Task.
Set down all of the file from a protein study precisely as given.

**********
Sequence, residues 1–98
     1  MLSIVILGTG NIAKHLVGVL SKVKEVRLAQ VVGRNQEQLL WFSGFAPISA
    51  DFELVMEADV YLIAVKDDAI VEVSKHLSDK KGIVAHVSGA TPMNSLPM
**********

Sequence, residues 1–98
     1  MLSIVILGTG NIAKHLVGVL SKVKEVRLAQ VVGRNQEQLL WFSGFAPISA
    51  DFELVMEADV YLIAVKDDAI VEVSKHLSDK KGIVAHVSGA TPMNSLPM